More than half of the congregations in these denominations — e.g.: American Baptist, Disciples of Christ, Episcopal, Evangelical Lutheran, Presbyterian USA, Reformed, United Church of Christ, and United Methodist — have fewer than 100 members.

And their average age continues to increase. Where there is any membership growth at all, it falls well short of the growth rate in the surrounding populations.

There are several reasons why all this has happened. Unfortunately, congregational and denominational leaders began reflecting on them too late.

First, mainstream Protestantism has remained for too long predominantly Anglo-American, upper-middle class aspiring, and more preoccupied with supporting a highly educated clergy than a spiritually grounded one;

Second, its theologies have not addressed adequately the yearnings and needs of people seeking a credible faith that is more conservative than liberal, but not fundamentalist;

Third, its commitment to Christian unity on a global scale has rarely risen above the promotion of denominational mergers by institution-minded bureaucrats; and

Fourth, its denominations themselves have become obstacles to, rather than supports for, people coming to faith by way of deep questioning and reflecting, and faith-communities becoming mission-engaged on the basis of their own assessments of human need.

Is it any wonder, then, that thoughtful Protestant Christians are looking for different streams in which to swim? Like the mega-church movements? Cyber-churches? Or that many have simply gotten out of the water altogether?

The real problem with Protestant denominations has always been their confusing the mainstream of spiritual growth — seeking the embrace of what is truly holy — with seeking the prosperity and influence of the denominations themselves.

Perched high atop the shorelines of a now barely trickling mainstream, the headquarters of these organizations are places in which there is a great deal of tinkering going on, along with an occasional major re-structuring. But there is very little envisioning of any meaningful future for the denominations they seek to serve.

For the faith that is presently entombed in them to live, it may be necessary as well as inevitable for them to die. Would that be a bad thing? Surely not for God, and perhaps not for the world either.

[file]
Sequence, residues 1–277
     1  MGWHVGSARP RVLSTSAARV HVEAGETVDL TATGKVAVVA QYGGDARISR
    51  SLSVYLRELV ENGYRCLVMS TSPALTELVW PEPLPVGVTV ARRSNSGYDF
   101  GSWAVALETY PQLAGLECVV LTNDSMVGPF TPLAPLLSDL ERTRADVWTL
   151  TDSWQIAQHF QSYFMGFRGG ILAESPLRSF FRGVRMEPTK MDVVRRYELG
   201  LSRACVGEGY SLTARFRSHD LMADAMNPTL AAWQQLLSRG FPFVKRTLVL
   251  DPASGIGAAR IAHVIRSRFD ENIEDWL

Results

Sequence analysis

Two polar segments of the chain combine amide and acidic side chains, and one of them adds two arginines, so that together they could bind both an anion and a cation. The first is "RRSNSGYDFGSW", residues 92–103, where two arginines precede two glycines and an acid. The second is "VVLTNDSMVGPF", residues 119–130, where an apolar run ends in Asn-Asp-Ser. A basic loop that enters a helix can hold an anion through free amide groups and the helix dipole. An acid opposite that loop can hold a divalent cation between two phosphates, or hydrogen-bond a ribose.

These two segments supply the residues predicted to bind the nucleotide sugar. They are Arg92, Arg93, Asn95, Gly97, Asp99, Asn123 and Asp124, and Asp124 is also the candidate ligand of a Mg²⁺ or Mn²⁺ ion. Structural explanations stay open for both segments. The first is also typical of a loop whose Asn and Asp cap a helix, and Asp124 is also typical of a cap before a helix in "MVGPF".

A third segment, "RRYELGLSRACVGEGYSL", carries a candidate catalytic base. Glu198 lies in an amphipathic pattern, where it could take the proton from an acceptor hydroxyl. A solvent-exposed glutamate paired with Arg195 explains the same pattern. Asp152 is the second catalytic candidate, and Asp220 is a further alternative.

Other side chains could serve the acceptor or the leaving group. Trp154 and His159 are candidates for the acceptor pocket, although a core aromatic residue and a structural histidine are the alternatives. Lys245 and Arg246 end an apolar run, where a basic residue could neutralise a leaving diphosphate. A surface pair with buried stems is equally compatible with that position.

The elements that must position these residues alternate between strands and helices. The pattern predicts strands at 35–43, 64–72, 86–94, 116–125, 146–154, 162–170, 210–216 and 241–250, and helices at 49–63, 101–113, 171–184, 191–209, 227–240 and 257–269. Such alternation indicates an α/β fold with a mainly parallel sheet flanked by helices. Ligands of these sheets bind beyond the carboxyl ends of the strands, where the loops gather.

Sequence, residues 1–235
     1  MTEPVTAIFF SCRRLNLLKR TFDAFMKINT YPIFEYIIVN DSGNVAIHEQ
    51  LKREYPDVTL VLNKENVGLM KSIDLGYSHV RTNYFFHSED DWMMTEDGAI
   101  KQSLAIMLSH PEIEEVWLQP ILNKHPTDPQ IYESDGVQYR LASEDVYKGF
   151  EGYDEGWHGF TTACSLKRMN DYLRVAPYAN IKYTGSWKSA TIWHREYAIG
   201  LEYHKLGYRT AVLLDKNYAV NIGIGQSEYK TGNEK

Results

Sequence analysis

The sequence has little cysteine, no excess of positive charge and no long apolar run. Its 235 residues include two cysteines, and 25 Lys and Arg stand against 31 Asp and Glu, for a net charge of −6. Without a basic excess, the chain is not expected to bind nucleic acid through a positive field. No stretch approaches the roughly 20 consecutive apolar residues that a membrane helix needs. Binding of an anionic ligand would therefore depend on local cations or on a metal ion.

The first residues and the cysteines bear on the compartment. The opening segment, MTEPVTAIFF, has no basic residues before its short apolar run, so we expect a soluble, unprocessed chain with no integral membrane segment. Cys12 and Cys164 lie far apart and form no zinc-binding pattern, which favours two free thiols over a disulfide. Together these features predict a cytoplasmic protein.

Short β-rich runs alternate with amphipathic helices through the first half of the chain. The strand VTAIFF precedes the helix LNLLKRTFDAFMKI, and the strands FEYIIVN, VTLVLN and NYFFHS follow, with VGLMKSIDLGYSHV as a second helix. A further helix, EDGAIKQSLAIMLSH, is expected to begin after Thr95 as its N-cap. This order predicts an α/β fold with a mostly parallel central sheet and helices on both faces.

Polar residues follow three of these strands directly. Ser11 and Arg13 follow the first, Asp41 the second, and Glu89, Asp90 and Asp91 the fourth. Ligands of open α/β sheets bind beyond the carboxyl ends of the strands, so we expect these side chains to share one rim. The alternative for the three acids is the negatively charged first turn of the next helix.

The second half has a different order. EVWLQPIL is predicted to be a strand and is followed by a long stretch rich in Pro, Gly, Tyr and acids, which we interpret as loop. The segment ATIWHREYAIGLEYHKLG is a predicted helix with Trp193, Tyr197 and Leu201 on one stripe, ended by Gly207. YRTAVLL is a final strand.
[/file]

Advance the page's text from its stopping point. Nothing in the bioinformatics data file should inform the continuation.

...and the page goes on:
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Many mental health professionals are now questioning the effectiveness of anti-depressant medications. Their skepticism is warranted by a good bit of evidence.

The evidence I have in mind concludes that mildly to moderately depressed people do about as well on placebos (pills that look like medications but are not) as they do on the real thing. Only the most severely depressed are being helped much by anti-depressants.

I am hopeful that this discovery will lead medical practitioners to work differently with their less severely depressed patients, in specific, by talking with them more and medicating them less. I am not hopeful that insurance companies will allow them to do it.

One thing I do think the research cries out for, whether by intention or not, is a re-thinking of “placebo effects” and what they imply for understanding the psyche.

Here’s why. As is well known, establishing the effectiveness of any new medication requires creating two kinds of groups among persons suffering a particular disorder. Members of one group are given the medication being tested, and members of the other group are given a placebo. No one in either group is supposed to know which he or she has received.

If all goes well, a definitive explanation can be given for why people “on” the medication do not improve: the medication does not work. But left unanswered is the question of why many people receiving the placebo improve.

One answer to this question is common sense-oriented: People get over depression best by working it out rather than taking medication for it.

How do they “work it out?” By eating well, getting enough exercise, reaching out to caring family members and friends, and allowing enough time for sleep. That’s hard to do when you are depressed, but staying depressed is even harder.

Another answer to the question about placebo effect is unembarrassedly faith-oriented. People who take anything for their depression, and get better, get better because they believe that what they take works. Pill + belief = recovery.

Might the belief be curative in itself? Many people think so. I am not so sure. It looks to me as if our culture has made of taking pills something very much like earlier cultures made of seeing and touching sacred objects, the bones of a saint, for example.

Perhaps we are still in an Age of Belief after all.